Youth violence in a dating relationship

Here’s a great healthy relationship definition from the Virginia Sexual and Domestic Violence Action Alliance (2009): A significant majority of students report experience of sexual harassment.A study of these behaviors commissioned by the AAUW Education Foundation in 2001 found that 8 out of 10 students experienced sexual harassment at some point in their school lives.The AAUW Education Foundation (2001) study defines sexual harassment in this way: In the past many institutions have had a somewhat casual attitude about sexual harassment understanding those behaviors as harmless flirting, or as “kids being kids”.

Again, we’re not against flirting (we’re actually fans), but you might want to talk with the kids you serve about how they can flirt in ways that feel safe, mutual and respectful.

The relative explosion in communication technologies over the past decade has created new forums that abusive individuals can use to monitor, control or humiliate their victims.

Behaviors that used to be conducted interpersonally or through peer intermediaries are increasingly played out via cell phones and social media sites.

“A Story A Day” is a multimedia campaign, designed to raise awareness in our community about the issues of harassment, violence, and discrimination that are taking place on a far too frequent basis.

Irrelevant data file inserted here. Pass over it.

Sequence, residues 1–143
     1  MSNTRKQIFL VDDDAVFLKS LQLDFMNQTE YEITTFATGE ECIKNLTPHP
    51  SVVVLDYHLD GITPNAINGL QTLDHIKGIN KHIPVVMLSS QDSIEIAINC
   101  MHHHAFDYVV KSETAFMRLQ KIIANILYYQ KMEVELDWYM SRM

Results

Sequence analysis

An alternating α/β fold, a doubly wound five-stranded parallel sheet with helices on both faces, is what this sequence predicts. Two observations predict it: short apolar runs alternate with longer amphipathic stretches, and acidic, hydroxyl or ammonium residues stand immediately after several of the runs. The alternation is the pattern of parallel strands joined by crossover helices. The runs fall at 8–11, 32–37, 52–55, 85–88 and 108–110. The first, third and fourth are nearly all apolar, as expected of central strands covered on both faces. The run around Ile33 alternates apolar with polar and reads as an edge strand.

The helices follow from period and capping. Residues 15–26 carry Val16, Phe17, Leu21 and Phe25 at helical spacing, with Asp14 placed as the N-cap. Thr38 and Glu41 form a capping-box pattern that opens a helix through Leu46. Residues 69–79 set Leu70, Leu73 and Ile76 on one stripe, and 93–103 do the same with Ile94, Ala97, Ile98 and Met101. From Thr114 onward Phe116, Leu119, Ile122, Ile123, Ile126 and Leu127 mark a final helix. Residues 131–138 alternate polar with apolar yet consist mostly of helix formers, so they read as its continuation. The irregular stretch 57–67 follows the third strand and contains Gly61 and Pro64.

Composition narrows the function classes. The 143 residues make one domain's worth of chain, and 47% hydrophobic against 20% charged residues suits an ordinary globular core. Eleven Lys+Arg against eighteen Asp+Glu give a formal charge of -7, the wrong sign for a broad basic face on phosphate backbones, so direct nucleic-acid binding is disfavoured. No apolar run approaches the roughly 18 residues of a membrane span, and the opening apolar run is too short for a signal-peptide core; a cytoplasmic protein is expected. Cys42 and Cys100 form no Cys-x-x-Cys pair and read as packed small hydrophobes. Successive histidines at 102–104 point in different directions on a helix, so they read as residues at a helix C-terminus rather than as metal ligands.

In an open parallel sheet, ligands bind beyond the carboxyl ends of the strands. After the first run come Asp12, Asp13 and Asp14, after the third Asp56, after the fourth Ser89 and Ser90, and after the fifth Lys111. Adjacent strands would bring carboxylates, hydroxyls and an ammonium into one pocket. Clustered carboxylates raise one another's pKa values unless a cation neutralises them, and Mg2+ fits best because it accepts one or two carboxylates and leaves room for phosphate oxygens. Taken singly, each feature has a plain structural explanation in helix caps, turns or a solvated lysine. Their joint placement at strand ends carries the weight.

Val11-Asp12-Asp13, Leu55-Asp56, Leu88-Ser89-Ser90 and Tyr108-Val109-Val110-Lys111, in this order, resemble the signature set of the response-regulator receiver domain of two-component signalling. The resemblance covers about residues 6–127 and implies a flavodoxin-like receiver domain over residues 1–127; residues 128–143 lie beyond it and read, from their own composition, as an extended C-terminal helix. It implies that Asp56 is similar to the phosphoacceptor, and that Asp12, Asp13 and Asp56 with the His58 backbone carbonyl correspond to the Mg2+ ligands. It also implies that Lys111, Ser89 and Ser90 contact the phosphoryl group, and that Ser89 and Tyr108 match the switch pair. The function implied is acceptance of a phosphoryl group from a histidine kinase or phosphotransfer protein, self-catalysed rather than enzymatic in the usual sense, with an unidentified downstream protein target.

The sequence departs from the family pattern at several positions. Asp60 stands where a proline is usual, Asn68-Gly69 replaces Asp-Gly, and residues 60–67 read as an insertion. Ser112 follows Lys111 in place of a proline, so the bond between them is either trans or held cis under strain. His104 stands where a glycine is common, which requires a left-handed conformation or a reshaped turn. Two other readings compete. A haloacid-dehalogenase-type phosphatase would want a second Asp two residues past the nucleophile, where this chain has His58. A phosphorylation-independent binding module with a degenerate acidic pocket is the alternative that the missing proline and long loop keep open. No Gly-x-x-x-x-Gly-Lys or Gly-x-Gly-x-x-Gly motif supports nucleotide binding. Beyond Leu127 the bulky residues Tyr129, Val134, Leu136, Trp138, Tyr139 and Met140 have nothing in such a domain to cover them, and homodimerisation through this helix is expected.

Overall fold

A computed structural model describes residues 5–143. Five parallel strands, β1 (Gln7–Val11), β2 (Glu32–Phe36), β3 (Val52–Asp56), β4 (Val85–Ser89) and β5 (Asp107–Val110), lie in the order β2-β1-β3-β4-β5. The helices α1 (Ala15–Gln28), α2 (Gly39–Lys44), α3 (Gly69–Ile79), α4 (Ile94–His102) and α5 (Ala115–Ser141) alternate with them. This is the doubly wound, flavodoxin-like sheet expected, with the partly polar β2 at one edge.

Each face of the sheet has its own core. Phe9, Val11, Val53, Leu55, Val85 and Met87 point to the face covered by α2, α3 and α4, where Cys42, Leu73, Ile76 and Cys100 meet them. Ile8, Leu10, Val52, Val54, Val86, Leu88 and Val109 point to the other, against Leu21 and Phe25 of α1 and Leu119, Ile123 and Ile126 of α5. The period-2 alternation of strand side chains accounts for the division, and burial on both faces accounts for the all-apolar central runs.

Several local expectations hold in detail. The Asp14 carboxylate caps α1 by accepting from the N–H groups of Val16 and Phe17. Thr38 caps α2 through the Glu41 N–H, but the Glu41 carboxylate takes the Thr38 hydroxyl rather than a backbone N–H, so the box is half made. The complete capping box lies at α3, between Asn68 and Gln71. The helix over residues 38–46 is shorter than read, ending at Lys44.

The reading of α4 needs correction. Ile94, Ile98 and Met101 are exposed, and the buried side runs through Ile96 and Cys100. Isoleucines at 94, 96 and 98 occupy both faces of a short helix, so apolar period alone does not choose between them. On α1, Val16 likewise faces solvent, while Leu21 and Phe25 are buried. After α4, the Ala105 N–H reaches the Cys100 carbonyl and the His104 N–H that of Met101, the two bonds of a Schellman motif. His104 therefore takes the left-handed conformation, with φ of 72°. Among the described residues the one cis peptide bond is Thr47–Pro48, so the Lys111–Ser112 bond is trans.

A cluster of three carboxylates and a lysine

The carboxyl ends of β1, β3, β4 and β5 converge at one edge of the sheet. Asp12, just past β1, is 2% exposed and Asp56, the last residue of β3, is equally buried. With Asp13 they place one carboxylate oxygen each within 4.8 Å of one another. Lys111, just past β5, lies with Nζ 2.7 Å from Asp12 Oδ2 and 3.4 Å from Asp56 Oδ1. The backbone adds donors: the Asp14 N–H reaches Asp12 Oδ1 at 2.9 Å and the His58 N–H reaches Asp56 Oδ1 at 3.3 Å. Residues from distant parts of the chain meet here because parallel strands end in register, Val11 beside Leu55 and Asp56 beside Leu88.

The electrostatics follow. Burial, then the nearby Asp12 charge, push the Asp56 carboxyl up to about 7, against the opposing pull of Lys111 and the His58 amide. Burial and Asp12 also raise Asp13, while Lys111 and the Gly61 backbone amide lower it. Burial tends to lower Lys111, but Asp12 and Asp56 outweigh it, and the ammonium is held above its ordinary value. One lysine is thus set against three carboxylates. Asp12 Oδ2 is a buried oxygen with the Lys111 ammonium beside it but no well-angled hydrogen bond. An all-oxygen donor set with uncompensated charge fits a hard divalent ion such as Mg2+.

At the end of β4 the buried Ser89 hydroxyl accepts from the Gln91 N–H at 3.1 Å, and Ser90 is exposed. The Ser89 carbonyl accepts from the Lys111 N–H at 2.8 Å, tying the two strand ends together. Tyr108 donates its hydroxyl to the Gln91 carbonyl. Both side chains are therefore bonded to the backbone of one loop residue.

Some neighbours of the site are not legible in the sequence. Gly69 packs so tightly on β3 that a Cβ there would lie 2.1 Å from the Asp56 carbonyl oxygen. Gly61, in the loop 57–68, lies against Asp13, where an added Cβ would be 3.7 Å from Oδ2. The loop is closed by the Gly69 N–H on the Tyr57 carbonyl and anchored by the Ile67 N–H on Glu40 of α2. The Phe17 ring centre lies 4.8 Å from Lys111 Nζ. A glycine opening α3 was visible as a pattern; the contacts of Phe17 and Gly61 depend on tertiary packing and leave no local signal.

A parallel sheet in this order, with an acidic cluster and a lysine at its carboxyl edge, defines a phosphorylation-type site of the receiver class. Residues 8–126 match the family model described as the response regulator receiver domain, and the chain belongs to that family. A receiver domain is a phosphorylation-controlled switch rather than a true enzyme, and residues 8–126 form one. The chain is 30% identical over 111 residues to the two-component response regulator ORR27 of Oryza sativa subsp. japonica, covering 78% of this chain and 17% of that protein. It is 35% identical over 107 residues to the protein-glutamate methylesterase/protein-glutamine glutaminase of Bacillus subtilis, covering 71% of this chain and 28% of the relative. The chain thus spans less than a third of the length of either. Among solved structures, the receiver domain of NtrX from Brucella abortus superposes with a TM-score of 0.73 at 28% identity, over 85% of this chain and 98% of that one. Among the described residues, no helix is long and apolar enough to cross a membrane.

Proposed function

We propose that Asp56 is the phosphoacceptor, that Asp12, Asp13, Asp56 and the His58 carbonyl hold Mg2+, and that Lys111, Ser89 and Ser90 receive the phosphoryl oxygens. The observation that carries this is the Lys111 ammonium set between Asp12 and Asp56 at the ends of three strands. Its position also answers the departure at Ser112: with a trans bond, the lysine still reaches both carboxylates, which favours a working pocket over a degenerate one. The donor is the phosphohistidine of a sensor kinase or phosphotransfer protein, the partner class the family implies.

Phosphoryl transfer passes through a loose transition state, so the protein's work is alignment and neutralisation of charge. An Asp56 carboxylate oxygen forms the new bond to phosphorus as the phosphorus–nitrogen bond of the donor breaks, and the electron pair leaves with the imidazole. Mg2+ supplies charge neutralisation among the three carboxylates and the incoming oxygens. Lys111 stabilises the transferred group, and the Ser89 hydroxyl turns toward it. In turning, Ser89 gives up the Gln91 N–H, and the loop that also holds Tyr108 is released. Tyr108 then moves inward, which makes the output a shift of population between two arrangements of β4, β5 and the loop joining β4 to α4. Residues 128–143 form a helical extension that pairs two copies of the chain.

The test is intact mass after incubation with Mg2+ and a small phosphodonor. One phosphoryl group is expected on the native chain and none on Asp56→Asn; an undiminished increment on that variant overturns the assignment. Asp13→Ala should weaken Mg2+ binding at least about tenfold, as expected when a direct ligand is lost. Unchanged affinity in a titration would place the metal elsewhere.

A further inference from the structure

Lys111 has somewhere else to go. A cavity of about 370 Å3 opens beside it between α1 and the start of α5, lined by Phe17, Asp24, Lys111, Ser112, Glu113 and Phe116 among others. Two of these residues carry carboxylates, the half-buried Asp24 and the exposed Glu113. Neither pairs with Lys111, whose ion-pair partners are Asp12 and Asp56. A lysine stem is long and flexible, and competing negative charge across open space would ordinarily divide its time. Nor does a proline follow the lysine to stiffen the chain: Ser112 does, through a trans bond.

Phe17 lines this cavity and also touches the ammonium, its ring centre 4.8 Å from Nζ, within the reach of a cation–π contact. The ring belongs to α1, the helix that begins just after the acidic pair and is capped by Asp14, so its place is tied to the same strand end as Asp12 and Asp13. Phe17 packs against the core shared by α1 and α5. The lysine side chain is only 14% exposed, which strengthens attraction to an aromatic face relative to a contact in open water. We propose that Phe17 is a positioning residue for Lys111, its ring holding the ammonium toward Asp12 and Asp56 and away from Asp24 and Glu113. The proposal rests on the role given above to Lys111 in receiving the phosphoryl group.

Definitions We use the phrase “teen dating violence” (TDV) because that is the language generally used by advocates and the public health community to describe abusive and controlling behaviors in adolescent relationships.

We use the term for the sake of consistency in sharing common language, but there are few important points to be made about this phrase…is a pattern of actual or threatened acts of physical, sexual, financial, verbal/emotional abuse, sexual or reproductive coercion, social sabotage, and/or sexual harassment perpetrated by an adolescent against a current or former partner or a person with whom the teen has some kind of intimate relationship.While it’s necessary to educate young people about the warning signs and impact of abusive relationships, it’s at least equally productive to talk with them about relationship rights, respect and the dynamics of healthy relationships.It’s important to note that we are down on abusive relationships, not on all relationships.We understand that relationships for adolescents fulfill many of the same roles that adult relationships fulfill—conferring social connections and status, friendship, and affection.According to the organization that you work with, you may have particular expectations for the expression, degree and boundaries in relationships between the youth that you serve, but if the kids that you work with feel like you’re simply the relationship police, they may not hear concerns that you have about the health and safety of their relationships.

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